House Democratic leaders on Thursday punted a vote on a sweeping bill that would have overhauled Trump's migrant detention policies, backing away from a major battle within their caucus over immigration on the eve of their six-week summer recess.
Top Democrats had furiously worked to win support for a border bill this week from Rep. Veronica Escobar (D-Texas), a freshman representing a border district who has become one of the top advocates to fix conditions for migrants.
Democratic leaders had agreed earlier Thursday to pursue a more narrow version of that bill - a balancing act to quell a moderate rebellion without losing the caucus's left wing progressives. But the caucus ultimately decided to wait to consider the full legislation until September.
"There are a number of things that need to be dealt with," House Majority Leader Steny Hoyer (D-Md.) told reporters as he left a meeting with top Democrats on the fate of the legislation. "And I think we need to do that in a thoughtful way, not at the last minute."
Talks remained ongoing until late Thursday, as Democrats attempted to pass a major bill before August recess amid a mounting border crisis, with members describing some migrants' conditions as prison-like.
Hoyer announced that they would pull the bill after emerging from a meeting in Speaker Nancy Pelosi's office, which included leaders of key factions of the caucus, including Congressional Progressive Caucus co-chair Pramila Jayapal (D-Wash.), Congressional Hispanic Caucus chief Joaquin Castro (D-Texas) and Blue Dog Coalition co-chair Stephanie Murphy (D-Fla.).
Pelosi and Hoyer had been negotiating with Escobar, moderates, and progressives to find a path forward for the legislation, which was initially aimed at broadly overhauling the Trump administration's migrant detention policies.
Escobar had announced during a closed-door meeting Thursday morning that she had agreed to key changes to her border bill, focusing squarely on accountability and oversight.
"We made changes last night," Escobar said Thursday morning. "In the meantime, I'm talking to my colleagues, hoping to have resolved concerns."
"It was a bit ambitious," Escobar added of the one-week turnaround to pass the bill, adding that she plans to renew her push for the rest of the legislation this fall.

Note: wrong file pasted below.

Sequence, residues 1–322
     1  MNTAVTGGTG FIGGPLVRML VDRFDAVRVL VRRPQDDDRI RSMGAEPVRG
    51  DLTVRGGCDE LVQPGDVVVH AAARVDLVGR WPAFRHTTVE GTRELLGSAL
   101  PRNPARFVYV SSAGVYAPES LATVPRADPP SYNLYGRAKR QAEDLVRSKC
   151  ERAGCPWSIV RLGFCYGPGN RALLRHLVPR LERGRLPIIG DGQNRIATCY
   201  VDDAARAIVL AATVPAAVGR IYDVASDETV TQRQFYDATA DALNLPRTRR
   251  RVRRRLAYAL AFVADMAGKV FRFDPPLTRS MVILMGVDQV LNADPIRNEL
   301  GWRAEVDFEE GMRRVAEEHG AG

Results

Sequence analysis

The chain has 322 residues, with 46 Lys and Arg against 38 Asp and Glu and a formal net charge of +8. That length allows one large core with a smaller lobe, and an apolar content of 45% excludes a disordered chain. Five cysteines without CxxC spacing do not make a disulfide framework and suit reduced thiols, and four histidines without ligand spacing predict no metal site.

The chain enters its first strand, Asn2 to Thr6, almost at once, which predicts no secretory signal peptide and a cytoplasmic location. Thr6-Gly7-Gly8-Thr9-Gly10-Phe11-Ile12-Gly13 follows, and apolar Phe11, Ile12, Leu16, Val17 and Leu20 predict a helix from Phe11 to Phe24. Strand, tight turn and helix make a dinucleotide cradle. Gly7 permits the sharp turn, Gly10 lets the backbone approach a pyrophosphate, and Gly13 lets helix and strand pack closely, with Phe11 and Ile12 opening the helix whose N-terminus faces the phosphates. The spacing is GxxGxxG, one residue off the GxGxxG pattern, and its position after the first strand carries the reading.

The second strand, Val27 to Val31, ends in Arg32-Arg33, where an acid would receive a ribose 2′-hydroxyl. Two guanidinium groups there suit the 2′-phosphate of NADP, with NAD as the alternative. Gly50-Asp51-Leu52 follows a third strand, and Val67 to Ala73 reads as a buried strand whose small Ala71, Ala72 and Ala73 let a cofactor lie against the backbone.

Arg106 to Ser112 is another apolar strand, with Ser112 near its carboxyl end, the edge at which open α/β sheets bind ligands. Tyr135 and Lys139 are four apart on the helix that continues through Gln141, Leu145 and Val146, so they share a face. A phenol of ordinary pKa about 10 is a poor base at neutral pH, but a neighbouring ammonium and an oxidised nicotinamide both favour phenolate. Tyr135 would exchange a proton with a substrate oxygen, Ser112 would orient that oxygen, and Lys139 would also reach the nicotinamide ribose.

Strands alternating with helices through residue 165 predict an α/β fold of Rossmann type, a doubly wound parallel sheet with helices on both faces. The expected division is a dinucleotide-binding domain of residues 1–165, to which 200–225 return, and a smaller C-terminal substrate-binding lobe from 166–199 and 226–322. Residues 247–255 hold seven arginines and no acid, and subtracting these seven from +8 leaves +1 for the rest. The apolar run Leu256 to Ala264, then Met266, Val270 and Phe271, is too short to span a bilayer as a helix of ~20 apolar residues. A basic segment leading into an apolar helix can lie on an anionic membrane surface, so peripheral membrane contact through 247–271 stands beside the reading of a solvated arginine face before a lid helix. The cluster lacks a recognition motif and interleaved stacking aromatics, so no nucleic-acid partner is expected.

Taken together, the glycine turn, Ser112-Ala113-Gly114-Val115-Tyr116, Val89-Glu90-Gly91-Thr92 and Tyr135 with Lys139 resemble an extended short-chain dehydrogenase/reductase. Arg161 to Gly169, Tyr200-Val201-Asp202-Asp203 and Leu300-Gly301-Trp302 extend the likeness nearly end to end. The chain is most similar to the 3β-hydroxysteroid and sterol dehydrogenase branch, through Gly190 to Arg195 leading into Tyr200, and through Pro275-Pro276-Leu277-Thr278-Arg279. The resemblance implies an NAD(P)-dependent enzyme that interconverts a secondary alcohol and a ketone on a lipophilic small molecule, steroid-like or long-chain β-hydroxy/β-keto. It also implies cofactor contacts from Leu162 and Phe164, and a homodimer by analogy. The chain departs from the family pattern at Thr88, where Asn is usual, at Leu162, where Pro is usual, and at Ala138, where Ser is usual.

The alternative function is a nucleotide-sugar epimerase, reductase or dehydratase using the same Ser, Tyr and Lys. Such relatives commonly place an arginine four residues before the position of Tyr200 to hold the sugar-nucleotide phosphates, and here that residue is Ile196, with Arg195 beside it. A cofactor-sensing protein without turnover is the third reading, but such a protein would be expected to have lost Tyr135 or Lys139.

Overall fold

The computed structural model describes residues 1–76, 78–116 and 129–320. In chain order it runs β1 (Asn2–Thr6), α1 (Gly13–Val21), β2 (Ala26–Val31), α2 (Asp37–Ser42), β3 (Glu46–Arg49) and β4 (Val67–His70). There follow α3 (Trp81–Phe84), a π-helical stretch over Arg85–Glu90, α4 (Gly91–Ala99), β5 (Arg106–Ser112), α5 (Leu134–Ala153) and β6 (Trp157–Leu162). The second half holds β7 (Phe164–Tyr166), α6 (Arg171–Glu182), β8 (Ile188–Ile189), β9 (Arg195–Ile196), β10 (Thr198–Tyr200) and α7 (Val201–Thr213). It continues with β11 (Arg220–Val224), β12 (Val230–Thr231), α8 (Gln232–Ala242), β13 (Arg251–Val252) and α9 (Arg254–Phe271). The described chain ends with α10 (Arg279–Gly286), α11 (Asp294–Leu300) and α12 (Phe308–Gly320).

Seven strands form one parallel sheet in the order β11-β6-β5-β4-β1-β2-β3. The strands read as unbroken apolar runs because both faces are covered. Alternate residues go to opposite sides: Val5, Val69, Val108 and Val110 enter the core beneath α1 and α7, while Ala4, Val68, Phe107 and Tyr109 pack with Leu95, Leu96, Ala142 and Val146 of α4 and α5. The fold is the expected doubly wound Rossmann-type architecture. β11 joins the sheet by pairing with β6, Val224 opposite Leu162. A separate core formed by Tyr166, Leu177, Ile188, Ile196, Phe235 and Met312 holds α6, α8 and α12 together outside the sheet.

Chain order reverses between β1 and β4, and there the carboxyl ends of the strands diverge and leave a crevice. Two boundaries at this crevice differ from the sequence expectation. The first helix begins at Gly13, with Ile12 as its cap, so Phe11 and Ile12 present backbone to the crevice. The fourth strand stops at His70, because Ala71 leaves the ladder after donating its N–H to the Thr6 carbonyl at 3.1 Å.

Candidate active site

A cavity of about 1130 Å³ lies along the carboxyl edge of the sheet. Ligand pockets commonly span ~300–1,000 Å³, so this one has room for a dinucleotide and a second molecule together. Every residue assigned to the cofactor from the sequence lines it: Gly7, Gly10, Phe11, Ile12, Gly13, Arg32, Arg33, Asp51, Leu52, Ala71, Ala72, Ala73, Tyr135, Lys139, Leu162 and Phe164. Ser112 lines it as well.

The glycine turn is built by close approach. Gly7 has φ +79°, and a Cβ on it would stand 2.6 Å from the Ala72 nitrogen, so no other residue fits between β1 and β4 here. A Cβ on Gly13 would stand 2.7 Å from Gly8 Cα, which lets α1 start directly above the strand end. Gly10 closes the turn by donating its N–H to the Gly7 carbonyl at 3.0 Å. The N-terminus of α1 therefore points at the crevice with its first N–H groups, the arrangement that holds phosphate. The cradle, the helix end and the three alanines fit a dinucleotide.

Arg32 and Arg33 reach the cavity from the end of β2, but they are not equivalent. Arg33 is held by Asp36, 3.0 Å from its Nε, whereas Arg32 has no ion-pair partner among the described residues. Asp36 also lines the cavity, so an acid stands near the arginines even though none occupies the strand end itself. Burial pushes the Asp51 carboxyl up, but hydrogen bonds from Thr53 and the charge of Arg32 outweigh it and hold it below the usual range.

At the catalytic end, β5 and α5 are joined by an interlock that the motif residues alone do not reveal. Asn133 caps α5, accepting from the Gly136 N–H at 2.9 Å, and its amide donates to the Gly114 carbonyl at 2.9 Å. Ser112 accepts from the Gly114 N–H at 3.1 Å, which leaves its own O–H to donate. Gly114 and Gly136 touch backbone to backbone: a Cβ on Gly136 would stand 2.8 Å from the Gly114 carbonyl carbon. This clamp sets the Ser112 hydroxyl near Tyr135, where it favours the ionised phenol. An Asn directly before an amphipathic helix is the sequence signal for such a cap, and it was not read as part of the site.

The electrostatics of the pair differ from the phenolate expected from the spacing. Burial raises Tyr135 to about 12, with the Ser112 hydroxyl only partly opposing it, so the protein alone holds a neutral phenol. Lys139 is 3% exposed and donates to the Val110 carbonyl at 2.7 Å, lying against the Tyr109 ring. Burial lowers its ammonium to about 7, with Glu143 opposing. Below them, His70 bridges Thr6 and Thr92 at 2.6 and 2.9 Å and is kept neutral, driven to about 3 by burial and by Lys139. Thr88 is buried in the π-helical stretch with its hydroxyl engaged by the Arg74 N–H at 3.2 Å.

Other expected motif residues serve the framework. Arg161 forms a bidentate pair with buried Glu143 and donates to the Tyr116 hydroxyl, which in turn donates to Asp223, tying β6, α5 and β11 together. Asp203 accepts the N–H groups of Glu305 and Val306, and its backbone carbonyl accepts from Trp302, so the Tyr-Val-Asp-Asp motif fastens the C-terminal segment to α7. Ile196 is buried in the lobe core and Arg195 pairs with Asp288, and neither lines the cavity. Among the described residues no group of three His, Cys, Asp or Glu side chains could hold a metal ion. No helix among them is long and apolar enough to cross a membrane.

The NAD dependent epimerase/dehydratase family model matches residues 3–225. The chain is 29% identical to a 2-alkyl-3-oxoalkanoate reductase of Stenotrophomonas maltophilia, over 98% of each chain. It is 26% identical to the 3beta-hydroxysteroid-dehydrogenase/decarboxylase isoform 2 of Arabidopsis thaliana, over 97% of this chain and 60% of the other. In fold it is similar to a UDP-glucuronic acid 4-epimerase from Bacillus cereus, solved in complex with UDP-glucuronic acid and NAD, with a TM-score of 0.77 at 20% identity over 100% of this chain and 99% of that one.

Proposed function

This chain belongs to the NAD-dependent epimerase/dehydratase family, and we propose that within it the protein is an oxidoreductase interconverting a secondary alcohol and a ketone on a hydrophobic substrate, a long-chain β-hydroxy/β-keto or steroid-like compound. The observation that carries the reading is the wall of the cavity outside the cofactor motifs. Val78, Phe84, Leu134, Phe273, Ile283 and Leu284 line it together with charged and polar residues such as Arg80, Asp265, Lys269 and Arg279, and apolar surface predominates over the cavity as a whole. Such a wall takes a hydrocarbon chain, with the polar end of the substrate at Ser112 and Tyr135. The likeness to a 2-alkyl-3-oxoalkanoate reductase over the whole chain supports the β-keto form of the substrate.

A group of centrists, including leaders of the Blue Dog Coalition and vulnerable freshmen, had urged leadership to punt the bill this week, arguing the bill went too far for them to support and there wasn't enough time to fully vet changes. A senior aide described the earlier bill as "full of political landmines."
"I know there are a lot of people who have questions about it," Rep. Tom O'Halleran, a co-chair of the Blue Dog Coalition, said Wednesday. The Arizona Democrat said he had concerns with multiple parts of the bill, including whether a police officer could personally be sued over their role in separating families.
Some moderates also complained about a drastic change to the Department of Homeland Security's "catch and release" policy, which bans the department from detaining migrants for more than 72 hours. Some Democrats fear it could result in more people being released into border communities.
There were also concerns about plans to repeal a Trump policy known as the Migrant Protection Protocols, which requires migrants to be sent to Mexico as they await asylum proceedings in the U.S. - which some feared could cause a rush to the border and further overwhelm U.S. agents and facilities there.
Those contentious provisions were taken out of the bill, and would instead be considered this fall, according to a person familiar with the negotiations.
The latest version of the bill contains elements that are widely endorsed throughout the caucus - cracking down on family separations, stepping up training and performance reviews for border agents and creating sweeping new oversight over DHS.
Democratic leaders, including Pelosi, had worked aggressively to put the Escobar bill on the floor this week as a response to dozens of lawmakers' recent visits to detention centers, where they encountered overcrowded facilities, a lack of resources and a poor commitment to transparency.
"I think there were some concerns about the impact to the flow at the border," Hoyer said Thursday.
Escobar's broader bill would be among the House Democratic caucus's strongest bills to date in response to the migrant crisis.
Escobar, for her part, had sought to bring more members on board with her bill in part by dispelling myths, like the falsehood that migrants would receive Obamacare coverage before they receive asylum.
House Democrats also approved a border bill Wednesday night that would set humanitarian standards for migrants in U.S. detention, authored by Rep. Raul Ruiz (D-Calif.).
But the vote once again exposed the Democratic party's struggle to unite behind immigration issues: Dozens of Democrats bucked their leadership to support a GOP procedural vote, delivering Republicans another talking points and undercutting the caucus's win.
John Bresnahan and Heather Caygle contributed reporting.